Kit and Tools Tuesdays - Dictum Classic Frame Saw archive
Tuesday 11 November 2014
Derek Jones look at this classic frame saw, which is a combination of a Japanese blade in a Western frame
I've had this on the wall in the F&C workshop for years and never really found a use for it until recently. I'm in the privileged position of having access to every other type of saw under the sun, so perhaps it's no surprise that this monster rarely came down from the wall to find out how effective it could be. First of all, the Classic is not a typical frame saw as it comes with a Japanese-style blade. The universal tooth pattern renders it suitable for crosscuts as well as ripping with a slight bias towards the latter. Starting a cut with the frame saw requires a level of concentration above that required for any other saw; balance is top heavy, no matter how well grounded your stance is or how in tune you are with the stroke. This momentary lapse is short lived, however, as once the blade is established, things start to take care of themselves.
The combination of a Japanese blade in a Western frame allows the best of both worlds. What starts out as either a pull or push stroke - both are possible - can quickly be reversed without removing the saw from the cut. Assuming the workpiece will allow it of course. The Turbo-Cut blades are quick, which means you can run off very quickly if not paying attention. The upside is that resawing is a much less painful exercise than it could be. The teeth are set to 0.85mm from a 0.6mm-thick blade and laser hardened to around 70RC, so cannot therefore be sharpened. In my opinion, it's this fine tolerance that makes the Turbo-Cut blade such an effective resaw option. My advice is don't waste your time on kits to build your own, however romantic the notion, and certainly don't cobble something together from remnants as you'll never match the performance of one of these.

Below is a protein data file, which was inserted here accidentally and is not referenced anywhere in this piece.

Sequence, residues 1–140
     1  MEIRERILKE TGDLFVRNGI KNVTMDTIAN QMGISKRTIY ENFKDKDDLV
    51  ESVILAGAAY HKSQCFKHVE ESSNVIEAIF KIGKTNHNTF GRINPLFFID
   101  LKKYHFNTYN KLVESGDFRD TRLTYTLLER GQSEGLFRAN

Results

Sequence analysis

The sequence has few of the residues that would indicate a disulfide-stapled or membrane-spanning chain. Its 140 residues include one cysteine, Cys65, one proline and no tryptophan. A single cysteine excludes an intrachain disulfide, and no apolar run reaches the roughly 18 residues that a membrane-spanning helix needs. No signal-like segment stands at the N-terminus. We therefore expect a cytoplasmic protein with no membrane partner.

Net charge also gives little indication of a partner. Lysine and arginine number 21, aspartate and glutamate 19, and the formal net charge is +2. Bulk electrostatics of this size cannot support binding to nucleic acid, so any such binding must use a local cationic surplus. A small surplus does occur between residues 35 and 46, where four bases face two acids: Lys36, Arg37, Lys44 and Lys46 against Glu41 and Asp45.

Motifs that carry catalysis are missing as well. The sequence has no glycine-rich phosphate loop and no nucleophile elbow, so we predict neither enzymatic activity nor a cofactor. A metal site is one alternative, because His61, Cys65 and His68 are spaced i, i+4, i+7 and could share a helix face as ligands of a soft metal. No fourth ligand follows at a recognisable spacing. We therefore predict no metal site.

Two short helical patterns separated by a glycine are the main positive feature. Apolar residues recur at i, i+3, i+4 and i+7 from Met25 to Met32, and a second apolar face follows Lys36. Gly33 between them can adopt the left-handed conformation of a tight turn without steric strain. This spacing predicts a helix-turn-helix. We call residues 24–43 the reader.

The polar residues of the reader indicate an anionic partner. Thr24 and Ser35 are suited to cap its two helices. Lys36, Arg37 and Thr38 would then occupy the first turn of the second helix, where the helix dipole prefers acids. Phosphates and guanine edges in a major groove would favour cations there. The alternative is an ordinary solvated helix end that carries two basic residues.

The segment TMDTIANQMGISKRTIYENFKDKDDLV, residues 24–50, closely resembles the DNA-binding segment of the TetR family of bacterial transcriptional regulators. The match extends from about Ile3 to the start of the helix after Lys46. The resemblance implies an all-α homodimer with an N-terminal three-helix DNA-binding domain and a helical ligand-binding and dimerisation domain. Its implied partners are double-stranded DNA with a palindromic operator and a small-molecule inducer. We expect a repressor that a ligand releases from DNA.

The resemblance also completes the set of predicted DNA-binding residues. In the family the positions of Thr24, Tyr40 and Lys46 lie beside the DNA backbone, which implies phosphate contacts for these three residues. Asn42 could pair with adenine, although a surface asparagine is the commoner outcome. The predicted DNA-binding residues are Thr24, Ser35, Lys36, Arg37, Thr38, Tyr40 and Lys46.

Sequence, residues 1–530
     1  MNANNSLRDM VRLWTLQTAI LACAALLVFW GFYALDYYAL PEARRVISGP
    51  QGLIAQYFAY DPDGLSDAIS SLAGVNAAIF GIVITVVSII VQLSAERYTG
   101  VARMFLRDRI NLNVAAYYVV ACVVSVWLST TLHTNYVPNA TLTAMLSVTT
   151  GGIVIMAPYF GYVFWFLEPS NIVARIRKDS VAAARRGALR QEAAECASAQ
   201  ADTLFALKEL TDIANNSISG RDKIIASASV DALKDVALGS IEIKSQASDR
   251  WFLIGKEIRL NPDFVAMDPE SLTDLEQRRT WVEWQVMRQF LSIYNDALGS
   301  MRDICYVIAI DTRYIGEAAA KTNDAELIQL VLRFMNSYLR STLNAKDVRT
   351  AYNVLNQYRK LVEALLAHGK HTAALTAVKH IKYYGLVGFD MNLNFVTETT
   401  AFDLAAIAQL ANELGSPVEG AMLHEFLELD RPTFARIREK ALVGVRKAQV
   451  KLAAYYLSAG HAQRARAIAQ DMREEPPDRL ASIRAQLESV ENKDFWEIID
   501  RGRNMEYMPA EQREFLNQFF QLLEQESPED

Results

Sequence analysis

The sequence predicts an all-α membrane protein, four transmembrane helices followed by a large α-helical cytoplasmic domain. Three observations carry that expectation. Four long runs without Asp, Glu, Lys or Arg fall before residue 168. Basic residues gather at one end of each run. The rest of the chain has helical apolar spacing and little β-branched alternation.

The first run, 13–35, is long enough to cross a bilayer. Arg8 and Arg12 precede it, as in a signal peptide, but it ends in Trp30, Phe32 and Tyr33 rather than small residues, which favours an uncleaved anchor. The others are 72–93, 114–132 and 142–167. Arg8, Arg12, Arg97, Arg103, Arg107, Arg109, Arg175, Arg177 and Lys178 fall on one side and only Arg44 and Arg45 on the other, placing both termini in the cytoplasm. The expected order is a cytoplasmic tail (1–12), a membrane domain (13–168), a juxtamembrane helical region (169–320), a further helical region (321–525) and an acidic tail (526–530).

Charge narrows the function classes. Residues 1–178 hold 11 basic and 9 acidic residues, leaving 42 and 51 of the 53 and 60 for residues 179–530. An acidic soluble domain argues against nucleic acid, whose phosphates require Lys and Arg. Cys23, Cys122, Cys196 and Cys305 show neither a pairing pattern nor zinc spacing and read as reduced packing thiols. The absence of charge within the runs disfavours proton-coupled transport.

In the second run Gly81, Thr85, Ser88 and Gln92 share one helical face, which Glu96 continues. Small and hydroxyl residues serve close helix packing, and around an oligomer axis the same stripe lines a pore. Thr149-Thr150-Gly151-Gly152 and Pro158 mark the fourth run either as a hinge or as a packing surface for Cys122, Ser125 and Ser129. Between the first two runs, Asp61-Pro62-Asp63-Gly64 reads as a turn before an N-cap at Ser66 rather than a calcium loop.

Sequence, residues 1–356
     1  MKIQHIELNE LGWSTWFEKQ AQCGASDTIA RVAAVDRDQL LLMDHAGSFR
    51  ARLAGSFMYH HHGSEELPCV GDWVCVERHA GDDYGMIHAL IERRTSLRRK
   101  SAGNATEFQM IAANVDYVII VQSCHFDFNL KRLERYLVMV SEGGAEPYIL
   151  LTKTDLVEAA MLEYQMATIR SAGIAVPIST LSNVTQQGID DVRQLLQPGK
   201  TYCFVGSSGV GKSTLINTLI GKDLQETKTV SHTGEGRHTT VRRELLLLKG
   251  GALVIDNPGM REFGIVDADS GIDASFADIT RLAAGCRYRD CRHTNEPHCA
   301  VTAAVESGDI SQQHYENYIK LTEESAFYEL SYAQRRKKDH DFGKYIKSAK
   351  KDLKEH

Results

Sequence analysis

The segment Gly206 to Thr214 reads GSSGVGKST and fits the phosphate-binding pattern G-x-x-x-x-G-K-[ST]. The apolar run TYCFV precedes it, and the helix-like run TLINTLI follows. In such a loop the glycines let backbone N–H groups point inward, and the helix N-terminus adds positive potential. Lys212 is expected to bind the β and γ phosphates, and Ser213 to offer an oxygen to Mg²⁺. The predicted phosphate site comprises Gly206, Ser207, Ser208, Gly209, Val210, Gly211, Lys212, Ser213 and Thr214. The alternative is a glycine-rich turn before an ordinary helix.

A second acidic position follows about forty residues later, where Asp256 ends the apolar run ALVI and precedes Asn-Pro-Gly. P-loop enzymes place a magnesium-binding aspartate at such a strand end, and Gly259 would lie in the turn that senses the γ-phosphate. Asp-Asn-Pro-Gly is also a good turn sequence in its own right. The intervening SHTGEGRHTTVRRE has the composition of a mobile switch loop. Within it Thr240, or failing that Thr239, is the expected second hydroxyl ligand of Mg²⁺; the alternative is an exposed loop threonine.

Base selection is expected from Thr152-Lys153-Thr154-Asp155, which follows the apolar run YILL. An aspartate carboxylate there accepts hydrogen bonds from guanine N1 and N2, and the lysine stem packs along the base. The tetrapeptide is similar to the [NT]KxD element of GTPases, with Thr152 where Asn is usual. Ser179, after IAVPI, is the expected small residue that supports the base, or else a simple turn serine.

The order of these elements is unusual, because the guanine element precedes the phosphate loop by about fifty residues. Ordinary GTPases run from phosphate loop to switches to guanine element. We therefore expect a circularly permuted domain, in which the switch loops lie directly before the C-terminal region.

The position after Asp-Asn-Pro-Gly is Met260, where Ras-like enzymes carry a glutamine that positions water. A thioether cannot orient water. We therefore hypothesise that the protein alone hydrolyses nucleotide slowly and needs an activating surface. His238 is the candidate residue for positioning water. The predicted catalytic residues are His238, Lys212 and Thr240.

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(PHOTOGRAPH BY GMC/DEREK JONES)